So here is the challenge problem statement: https://icpcarchive.ecs.baylor.edu/index.php?option=com_onlinejudge&Itemid=8&page=show_problem&problem=1512
Basically, given a 0/1 matrix, you need to permute the columns so that the first column is fixed and after the permutation of columns, then for each row the 1's in the row occur contiguously (without counting wrap-around). I thought about this problem and came up with a conjecture that would make it easy to solve, but I'm not sure if it's true.
Conjecture: After the first $k$ columns have been chosen, let $S$ be the set of rows that end with a $1$ in the $k$th column, such that there exists an unchosen column that has a $1$ in that row. Then the $k+1$th column can be chosen to be the column that has (i) 1's for all positions in $S$, and (ii) which has a minimum total number of $1$'s.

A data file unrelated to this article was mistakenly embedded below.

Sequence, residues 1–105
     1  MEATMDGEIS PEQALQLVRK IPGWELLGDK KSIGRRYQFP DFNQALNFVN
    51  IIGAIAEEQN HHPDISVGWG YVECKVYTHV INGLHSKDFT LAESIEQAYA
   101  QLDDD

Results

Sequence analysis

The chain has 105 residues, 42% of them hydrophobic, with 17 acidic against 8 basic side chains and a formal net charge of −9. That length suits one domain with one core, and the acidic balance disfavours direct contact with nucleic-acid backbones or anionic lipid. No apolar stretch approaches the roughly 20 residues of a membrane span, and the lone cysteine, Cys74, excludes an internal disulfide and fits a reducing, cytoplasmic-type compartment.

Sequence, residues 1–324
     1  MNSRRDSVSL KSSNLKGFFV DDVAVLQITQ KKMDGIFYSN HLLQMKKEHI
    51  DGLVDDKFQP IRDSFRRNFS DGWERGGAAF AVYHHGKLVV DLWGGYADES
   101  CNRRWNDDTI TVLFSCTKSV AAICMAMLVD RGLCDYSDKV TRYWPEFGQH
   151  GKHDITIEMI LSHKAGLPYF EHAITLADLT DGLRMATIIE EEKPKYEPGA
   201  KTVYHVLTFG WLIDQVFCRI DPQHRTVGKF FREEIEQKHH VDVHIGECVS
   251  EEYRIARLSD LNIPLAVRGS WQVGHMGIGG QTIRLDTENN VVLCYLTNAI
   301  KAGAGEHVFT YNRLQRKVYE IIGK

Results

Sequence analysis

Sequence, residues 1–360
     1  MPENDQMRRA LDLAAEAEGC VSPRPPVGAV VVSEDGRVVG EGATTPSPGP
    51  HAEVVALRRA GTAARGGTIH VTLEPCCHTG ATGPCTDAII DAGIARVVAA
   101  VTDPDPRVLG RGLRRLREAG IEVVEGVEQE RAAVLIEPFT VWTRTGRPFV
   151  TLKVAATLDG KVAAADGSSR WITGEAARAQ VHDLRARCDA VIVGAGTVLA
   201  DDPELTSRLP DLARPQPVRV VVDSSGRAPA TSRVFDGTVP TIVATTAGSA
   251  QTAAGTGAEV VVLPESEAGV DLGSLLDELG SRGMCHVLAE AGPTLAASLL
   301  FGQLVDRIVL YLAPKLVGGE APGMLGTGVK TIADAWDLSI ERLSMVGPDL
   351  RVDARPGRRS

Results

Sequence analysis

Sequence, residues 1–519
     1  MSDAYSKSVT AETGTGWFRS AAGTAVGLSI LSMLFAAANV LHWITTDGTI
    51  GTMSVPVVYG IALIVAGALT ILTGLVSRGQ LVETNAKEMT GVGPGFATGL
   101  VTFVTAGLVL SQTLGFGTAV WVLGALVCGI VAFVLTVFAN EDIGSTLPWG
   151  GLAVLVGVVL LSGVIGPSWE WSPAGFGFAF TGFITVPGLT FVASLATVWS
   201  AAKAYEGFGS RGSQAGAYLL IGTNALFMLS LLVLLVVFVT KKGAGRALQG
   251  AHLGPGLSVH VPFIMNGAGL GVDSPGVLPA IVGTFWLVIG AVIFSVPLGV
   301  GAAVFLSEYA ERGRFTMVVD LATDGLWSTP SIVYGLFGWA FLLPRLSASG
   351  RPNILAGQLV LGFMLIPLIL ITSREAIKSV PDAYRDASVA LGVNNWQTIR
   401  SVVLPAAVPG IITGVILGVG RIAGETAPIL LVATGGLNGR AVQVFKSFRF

Is this true? If so an optimal solution could be constructed very quickly. I know that the $k+1$th column has to satisfy condition (i), which reduces the possibilities, but I'm really hoping we can ensure condition (ii) also holds so that the choice of $k+1$th column is essentially unique.